If, after addressing the curriculum and instruction, as well as student attitudes and learning needs, students still are complaining, “I’m bored,” it’s time to address the whole nature of boredom. This is really an extension of addressing student attitude—specifically, the belief that boredom is something negative and something students should never be exposed to. Discuss other situations that are boring, besides class: waiting in line at the Department of Motor Vehicles or in the dentist’s office comes to mind. Will the DMV or dentist feel responsible for entertaining the students? Probably not to the extent of their teachers. What can students do in these situations to keep themselves entertained? Then go back to the curriculum. Acknowledge some parts of it probably aren’t very interesting, such as standard paragraph structure, but also put the responsibility back on the students. What can you notice about this paragraph that is interesting? How does it relate to your life?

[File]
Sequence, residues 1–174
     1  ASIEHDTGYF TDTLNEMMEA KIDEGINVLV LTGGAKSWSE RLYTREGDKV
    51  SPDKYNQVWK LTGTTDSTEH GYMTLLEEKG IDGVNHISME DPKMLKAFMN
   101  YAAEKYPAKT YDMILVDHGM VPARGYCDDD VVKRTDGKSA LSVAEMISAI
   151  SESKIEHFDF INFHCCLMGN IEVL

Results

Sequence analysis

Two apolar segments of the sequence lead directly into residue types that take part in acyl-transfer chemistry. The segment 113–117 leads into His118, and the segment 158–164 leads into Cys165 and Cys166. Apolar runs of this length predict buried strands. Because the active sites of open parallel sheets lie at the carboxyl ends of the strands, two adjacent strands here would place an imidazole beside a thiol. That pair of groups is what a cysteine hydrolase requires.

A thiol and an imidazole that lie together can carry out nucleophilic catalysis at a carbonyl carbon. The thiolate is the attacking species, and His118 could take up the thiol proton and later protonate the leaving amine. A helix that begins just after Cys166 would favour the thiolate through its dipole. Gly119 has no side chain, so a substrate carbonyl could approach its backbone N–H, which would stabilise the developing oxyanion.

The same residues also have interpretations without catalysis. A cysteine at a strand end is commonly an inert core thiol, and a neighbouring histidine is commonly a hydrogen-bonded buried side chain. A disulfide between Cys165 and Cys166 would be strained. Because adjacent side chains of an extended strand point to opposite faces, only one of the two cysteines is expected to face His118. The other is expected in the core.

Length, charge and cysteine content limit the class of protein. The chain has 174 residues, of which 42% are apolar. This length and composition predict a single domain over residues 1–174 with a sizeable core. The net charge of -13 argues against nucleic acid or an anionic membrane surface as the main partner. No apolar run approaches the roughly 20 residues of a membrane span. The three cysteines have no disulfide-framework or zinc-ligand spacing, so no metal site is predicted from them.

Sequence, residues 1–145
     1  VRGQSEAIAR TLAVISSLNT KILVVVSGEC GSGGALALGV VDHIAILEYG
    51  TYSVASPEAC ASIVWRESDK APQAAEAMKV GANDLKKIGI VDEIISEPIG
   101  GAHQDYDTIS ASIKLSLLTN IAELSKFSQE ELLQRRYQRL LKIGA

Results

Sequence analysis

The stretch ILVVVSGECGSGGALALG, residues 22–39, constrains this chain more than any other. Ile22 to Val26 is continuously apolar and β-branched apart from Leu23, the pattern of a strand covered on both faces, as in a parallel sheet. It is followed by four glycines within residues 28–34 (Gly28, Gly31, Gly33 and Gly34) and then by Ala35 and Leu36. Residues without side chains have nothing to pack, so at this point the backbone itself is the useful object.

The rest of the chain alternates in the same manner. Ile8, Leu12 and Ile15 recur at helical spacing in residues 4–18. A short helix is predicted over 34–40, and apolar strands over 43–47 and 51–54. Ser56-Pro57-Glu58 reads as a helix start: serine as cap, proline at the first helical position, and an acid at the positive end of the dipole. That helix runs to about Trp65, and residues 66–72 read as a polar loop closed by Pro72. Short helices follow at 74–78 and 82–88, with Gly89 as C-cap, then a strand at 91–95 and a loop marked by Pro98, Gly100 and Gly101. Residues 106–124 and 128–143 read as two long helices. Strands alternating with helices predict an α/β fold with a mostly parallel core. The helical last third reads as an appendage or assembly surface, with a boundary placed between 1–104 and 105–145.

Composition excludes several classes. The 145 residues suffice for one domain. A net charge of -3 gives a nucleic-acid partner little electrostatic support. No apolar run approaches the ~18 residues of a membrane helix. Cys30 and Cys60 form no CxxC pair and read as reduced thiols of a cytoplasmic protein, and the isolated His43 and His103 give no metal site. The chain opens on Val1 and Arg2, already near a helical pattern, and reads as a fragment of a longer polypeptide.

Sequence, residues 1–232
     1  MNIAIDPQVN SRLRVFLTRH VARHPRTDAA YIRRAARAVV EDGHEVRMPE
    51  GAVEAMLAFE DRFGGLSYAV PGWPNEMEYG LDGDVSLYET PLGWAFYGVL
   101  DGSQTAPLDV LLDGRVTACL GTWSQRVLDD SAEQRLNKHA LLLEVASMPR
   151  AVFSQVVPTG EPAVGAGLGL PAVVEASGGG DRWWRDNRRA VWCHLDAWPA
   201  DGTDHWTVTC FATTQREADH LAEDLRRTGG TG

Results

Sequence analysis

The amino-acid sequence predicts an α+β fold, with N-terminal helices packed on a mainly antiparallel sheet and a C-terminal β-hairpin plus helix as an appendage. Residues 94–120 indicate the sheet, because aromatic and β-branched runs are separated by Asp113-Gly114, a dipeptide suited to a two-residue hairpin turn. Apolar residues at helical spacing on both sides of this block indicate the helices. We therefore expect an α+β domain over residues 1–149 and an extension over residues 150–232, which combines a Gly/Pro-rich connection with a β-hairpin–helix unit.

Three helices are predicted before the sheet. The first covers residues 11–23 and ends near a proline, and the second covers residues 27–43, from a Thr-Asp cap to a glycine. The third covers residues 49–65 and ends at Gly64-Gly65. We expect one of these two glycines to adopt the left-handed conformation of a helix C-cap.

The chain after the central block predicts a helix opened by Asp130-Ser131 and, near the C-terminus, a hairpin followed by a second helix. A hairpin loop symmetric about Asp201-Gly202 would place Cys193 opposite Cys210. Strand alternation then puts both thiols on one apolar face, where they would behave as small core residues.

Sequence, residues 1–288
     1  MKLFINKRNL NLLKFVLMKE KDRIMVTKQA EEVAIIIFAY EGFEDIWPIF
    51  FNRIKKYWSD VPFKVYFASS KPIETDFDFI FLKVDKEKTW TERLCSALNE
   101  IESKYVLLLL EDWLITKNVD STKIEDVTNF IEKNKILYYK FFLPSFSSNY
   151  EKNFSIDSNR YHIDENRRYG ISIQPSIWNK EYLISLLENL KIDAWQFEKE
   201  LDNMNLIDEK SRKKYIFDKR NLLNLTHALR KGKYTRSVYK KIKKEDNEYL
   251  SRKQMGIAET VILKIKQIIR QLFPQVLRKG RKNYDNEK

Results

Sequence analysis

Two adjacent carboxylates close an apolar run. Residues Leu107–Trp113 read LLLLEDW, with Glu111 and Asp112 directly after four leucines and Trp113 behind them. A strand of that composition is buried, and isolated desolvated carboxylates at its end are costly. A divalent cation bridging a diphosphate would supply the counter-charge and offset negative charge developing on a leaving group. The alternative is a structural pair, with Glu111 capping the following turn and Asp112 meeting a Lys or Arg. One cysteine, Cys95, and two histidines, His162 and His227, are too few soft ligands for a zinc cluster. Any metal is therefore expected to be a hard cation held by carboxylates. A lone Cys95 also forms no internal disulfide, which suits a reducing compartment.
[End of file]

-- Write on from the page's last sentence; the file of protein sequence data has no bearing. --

The notion that teachers are entertainers is one deeply ingrained in our culture and difficult to address.
However, by addressing the curriculum and student attitude, a richer curriculum is developed, and students become independent enough to entertain themselves instead of waiting for someone else to.
Do your students demonstrate an “entertain me” attitude? If so, what do you do?
Share your advice for addressing this attitude.